Irregular muscle activity of the esophagus. This delays the passage of food (achalasia).
Certain medicines can also cause ulcers in the esophagus when they become lodged there. These include aspirin, antibiotics such as doxycycline, quinidine, potassium chloride, vitamin C, and iron.
Stand or sit when swallowing medicines.
Take several swallows of liquid before taking the medicine. Swallow the medicine with an 8-ounce glass of liquid.
Don't lie down right after taking medicine. This is to make sure the pills have passed through the esophagus into the stomach.
Tell your healthcare provider if you have pain when swallowing or feel that the medicine is sticking in your throat.
Tips to prevent reflux
Some medicines get in the way of the action of the sphincter muscle. This muscle is located between the esophagus and stomach. This muscle allows food to pass into the stomach after you swallow. This can increase the chances of reflux. Or it can back up the stomach's acidic contents into the esophagus. Classes of medicines that may increase the severity of reflux include:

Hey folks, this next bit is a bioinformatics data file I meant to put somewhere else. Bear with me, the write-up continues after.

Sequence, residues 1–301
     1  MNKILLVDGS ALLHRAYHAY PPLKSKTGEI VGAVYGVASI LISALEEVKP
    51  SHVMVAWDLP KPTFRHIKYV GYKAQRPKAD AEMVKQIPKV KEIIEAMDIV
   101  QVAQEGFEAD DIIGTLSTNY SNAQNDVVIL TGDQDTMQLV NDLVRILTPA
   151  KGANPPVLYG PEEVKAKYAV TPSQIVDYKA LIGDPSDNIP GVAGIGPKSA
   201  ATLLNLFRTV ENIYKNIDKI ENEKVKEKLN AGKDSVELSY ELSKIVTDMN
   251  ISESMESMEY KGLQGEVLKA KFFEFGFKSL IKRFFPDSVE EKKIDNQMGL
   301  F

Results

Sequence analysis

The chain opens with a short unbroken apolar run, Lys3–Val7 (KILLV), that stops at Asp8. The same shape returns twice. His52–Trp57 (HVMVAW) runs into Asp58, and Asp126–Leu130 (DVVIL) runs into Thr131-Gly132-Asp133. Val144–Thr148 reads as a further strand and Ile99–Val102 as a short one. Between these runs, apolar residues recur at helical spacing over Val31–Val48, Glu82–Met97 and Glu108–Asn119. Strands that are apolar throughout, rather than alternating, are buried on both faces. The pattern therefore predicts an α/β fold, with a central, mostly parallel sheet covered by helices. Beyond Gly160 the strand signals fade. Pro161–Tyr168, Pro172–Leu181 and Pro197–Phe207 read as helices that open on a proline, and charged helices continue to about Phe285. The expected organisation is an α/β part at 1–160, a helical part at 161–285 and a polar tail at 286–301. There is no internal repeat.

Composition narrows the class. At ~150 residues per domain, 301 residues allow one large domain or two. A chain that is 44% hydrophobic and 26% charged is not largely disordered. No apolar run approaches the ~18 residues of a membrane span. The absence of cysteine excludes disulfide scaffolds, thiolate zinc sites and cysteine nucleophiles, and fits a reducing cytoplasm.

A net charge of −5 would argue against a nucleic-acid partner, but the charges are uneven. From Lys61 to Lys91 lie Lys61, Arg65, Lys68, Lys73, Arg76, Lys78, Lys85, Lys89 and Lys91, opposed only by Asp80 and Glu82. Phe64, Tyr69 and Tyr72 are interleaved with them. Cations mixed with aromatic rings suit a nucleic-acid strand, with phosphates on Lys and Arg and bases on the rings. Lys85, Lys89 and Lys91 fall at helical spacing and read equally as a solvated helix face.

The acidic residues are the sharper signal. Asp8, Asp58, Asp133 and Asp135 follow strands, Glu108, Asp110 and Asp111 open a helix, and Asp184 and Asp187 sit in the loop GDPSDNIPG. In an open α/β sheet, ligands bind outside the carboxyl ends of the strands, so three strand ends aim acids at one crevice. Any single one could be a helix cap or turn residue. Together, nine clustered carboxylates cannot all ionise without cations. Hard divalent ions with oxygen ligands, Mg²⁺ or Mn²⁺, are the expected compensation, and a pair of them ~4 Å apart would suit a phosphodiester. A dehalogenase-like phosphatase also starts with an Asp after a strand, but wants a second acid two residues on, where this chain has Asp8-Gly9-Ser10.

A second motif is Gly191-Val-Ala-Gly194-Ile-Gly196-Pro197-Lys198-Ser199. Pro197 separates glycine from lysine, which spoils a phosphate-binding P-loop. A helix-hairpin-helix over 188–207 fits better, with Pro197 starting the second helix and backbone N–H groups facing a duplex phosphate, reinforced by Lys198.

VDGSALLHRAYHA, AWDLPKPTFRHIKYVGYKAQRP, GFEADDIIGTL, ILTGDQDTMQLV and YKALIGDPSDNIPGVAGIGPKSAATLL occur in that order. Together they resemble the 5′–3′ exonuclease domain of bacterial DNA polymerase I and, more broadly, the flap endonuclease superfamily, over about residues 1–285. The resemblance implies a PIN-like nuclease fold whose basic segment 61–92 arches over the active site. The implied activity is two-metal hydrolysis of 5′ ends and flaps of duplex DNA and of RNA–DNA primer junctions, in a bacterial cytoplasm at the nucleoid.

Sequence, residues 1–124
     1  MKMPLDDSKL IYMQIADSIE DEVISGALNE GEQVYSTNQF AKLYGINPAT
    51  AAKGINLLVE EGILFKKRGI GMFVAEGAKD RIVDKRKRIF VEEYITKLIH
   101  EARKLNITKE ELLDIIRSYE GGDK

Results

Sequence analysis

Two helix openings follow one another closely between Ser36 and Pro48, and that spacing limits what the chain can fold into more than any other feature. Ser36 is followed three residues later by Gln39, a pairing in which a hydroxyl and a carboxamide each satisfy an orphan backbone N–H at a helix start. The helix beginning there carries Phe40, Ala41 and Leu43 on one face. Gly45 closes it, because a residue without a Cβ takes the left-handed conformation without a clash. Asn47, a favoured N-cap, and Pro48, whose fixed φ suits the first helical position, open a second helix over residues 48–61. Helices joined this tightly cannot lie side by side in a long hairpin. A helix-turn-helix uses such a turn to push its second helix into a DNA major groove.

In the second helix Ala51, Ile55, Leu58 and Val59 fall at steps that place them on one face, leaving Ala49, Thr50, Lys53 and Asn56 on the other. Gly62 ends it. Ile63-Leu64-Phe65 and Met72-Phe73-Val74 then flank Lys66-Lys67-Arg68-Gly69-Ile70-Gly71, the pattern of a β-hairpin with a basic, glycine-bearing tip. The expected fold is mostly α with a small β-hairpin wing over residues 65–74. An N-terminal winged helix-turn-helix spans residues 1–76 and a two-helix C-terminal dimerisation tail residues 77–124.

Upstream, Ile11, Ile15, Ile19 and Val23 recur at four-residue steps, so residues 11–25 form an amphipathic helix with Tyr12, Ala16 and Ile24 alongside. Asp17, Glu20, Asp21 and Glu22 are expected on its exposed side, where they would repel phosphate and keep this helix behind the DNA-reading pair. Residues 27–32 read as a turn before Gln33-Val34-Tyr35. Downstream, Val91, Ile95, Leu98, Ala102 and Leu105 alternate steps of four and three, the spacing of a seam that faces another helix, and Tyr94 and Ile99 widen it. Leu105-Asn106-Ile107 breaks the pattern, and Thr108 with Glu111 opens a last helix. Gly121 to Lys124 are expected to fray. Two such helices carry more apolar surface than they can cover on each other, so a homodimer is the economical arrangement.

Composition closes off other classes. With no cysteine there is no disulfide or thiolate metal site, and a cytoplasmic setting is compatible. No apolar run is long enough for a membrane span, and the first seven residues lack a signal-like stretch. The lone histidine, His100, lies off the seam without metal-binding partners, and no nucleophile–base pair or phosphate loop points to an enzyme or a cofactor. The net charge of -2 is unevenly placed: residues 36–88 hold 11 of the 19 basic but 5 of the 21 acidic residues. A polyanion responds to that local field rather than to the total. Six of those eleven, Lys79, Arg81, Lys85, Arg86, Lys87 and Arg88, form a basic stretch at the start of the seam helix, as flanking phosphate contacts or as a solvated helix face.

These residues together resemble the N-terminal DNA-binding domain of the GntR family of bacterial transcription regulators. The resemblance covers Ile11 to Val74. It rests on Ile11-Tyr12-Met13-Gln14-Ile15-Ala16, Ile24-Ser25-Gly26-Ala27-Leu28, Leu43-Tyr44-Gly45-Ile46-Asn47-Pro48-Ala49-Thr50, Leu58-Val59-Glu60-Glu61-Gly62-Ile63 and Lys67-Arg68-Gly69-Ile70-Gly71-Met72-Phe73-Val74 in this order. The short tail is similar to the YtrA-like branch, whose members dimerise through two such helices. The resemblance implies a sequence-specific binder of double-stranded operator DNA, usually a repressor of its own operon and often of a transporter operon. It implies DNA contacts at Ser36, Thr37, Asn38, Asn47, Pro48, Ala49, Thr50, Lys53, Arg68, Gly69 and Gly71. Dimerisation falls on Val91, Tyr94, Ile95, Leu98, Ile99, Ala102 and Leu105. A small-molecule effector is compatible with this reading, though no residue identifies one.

Nonsteroidal anti-inflammatory drugs (NSAIDs)
Calcium channel blockers
Birth control pills
Stay away from coffee, alcohol, chocolate, and fatty or fried foods. These may make reflux worse.
Quit, or reduce, smoking.
Don't lie down right after eating.
Irritation of the stomach
Tips to prevent irritation of the stomach